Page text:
Written by Bonnie McLaughlin for IVitamin
February is American Heart Month, a month-long opportunity to kick-start any heart healthy plans and really think about how what you’re doing affects your heart health. Nearly 80% of cardiovascular diseases are preventable according to the American Heart Association, meaning that you have fantastic odds to avoid heart issues if you make good choices and pay attention to the things that put you at risk.
So in the spirit of being your stop for all things health and wellness, we’ve decided to list out some of the most important tips to keeping your heart happy!
Get Annual Checkups
But not just annual ones, you also need regular checkups if during your annual appointment they discover that anything is unhealthy or worrisome. Don’t just accept a diagnosis from your doctor and leave though. Work out a plan and check in regularly to see how you are progressing so that you can make changes as needed.
This seems like a no-brainer but it’s super important to be mindful of what you’re ingesting. The most important thing to remember for heart health is to avoid trans fats. They are usually listed on ingredients as hydrogenated oils and can raise LDL (bad cholesterol) while simultaneously lowering HDL (good cholesterol).
Getting enough sleep is so important to not just heart health, but overall health as well. The amount you need varies from person to person but somewhere between 6-8 hours a night is the sweet spot according to the American Heart Association. Not convinced sleep has any bearing on your heart? A recent study found that adults over the age of 45 who slept fewer than six hours each night were almost twice as likely to have a stroke or heart attack than people who sleep 6-8 hours a night. If you’re not running to your bed you may want to read that again.
People leading sedentary lives are at a drastically higher risk for heart disease than those leading active lifestyles. Sitting for long periods of time has been linked to an increased risk of blood clots, so regular walking breaks at your desk job are vital. Other ideas? Park farther away from the office, take the stairs, use a standing desk, and check out office yoga/stretches you can do in your work space. This doesn’t replace regular exercise though, it’s in addition to your 3-4 days a week gym visits. Motion is lotion, y’all.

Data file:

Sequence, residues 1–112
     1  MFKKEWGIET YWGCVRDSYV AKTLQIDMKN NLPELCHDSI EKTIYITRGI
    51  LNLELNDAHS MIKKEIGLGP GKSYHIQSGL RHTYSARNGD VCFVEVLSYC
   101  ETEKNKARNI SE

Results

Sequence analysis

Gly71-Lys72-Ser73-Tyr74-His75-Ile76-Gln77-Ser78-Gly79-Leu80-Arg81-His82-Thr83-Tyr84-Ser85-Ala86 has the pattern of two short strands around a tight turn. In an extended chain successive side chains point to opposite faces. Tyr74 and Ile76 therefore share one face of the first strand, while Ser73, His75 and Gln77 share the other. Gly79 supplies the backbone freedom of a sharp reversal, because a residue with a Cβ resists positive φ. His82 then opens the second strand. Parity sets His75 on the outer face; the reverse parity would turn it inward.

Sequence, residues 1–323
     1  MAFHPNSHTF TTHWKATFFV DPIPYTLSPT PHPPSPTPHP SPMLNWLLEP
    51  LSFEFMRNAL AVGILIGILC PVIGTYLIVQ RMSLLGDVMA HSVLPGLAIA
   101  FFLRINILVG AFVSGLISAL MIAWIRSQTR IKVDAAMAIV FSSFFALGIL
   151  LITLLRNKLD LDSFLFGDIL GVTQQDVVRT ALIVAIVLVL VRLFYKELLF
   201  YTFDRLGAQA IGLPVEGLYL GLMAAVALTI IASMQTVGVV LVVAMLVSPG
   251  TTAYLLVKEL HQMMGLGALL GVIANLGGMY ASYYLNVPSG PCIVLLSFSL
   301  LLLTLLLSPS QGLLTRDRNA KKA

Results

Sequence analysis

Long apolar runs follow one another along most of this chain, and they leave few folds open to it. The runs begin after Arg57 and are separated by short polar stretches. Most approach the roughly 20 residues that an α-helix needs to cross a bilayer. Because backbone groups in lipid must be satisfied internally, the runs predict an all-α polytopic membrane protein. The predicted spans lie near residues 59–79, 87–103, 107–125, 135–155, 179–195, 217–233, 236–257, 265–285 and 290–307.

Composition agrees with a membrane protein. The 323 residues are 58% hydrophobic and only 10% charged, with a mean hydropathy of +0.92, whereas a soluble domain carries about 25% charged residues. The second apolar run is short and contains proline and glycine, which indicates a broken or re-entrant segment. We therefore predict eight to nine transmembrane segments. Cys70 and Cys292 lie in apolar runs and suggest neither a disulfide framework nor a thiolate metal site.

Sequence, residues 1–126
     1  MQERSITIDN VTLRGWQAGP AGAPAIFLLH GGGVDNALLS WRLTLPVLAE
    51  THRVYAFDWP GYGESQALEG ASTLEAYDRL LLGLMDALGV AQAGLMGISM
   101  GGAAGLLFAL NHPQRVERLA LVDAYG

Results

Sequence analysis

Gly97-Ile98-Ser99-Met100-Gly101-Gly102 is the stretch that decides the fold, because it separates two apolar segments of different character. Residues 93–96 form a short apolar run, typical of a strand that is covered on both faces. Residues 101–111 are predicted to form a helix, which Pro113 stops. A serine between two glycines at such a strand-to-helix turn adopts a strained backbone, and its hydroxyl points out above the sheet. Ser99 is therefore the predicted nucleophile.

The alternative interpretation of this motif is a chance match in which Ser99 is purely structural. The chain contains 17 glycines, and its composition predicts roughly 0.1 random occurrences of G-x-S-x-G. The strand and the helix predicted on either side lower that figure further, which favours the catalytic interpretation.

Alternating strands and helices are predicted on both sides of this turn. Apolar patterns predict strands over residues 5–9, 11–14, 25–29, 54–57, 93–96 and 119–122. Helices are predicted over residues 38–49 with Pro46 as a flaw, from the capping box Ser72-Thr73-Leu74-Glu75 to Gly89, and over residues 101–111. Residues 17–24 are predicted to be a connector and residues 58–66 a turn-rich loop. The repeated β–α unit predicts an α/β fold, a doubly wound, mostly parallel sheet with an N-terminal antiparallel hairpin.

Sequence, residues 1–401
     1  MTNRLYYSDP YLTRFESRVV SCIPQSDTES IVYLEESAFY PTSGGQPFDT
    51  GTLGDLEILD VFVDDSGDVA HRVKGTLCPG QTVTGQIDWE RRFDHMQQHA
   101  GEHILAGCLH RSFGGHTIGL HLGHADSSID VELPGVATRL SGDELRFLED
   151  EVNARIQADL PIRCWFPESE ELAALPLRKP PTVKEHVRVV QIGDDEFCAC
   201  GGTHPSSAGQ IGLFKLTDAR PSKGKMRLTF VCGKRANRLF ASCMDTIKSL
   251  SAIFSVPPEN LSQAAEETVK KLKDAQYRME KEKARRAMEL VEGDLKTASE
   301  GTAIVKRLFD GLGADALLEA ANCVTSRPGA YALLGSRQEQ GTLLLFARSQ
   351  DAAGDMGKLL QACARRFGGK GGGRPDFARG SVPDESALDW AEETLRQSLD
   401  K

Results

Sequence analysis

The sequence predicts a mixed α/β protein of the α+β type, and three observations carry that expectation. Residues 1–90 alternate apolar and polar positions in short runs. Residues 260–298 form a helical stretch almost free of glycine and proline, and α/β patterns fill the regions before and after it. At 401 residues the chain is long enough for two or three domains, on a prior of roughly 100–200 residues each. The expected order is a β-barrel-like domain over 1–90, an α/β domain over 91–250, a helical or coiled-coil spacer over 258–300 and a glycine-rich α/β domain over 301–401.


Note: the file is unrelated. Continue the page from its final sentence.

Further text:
Get away from smokers NOW
Avoid secondhand smoke LIKE THE PLAGUE. The risk of developing heart disease is about 25-30 percent higher for those exposed to secondhand smoke. Obviously this depends on how often you’re subjected to it but really make an effort to avoid it at all costs. That poison can kill the person who inhales it regularly, so think about what it could be doing to you.
Tame your Stress Level
Chronic stress can increase your blood pressure, influence your cholesterol, and lead to inactivity and overeating. Stress has such a bold effect on humans in so many different ways but your heart can be the most vulnerable. Take time to relax and rejuvenate, destress, and allow your mind and body time to rest. It’s not overindulgent to take care of yourself!
Calm down with the Booze
Please don’t throw things at me, but please limit your alcohol intake. Drinking too much/too often can raise your blood pressure and cause weight gain from the calorie intake, both of which can increase your risk of heart disease. According to the National Library of Medicine, men should have no more than two alcoholic drinks per day, and women shouldn’t have more than one.
Be Aware of your Blood Sugar Level
Remember those regular doctors appointments we encouraged you to make? Make sure that one of the tests they run (and monitor) is your blood sugar. High blood sugar can lead to diabetes, which can double your risk of heart disease because over time, high blood sugar can damage your blood vessels and the nerves that control your heart and blood vessels. Make sure you monitor your blood sugar levels with the regular doctors appointments we mentioned above and if you do have diabetes, be incredibly mindful in your maintenance.
Avoid preconceived notions about who is affected by heart disease. There’s this weird idea that only older, overweight people struggle with it. Don’t let age or weight fool you. Heart attacks happen to fit people in their 20s. Heart disease can happen to anyone at any time. What’s up to you is how you address your risk factors ahead of time.
Want to do some reading on your own? Check out the links below and stay tuned to IVitamin’s blog for more health and wellness advice!
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